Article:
Well over a decade ago, Anurag Acharya, an Indian scholar and computer scientist, set aside his duties and Google – he’d been in charge of Google’s indexing technology, creating the systems that we use every day – and began work on a much smaller project: Google Scholar. He was burnt out from the high pressure of keeping the index alive and wanted to work on a different problem – helping scholars access research data, a rather problematic issue for science at large. Together with engineer Alex Verstak, Acharya began working on this new system of theirs. In November, 18, 2004, Google Scholar went live – and changed the way the world of research accesses data.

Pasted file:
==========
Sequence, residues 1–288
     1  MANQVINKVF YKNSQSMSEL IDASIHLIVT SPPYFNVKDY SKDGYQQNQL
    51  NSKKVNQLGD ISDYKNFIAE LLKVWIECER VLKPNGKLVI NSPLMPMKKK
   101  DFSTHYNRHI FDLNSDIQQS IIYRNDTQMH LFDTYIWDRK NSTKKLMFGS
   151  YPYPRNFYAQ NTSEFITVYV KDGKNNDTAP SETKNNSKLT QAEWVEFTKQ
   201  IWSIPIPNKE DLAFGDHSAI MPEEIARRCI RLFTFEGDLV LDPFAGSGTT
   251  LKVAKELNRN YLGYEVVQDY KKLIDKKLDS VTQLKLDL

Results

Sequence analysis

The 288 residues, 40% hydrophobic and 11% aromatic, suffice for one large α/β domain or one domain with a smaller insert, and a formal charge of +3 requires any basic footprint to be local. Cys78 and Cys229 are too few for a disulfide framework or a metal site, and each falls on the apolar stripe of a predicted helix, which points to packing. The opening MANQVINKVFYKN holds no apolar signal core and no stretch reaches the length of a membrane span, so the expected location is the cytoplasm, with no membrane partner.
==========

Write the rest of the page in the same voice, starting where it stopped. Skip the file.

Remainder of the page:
“Once we launched it 10 years back, usage grew exponentially,” says Acharya, speaking of the service – which today (according to a survey by Nature) is used by almost 60 percent of scientists. The whole thing is run by a team of just nine people. “One big difference was that we were relevance-ranking (sorting results by relevance keeping in mind the user’s request) which scholarly search services had not done previously.”
Curious? Read this beautifully written piece on Medium, in which Backchannel charts the tale of Google Scholar and its evolution.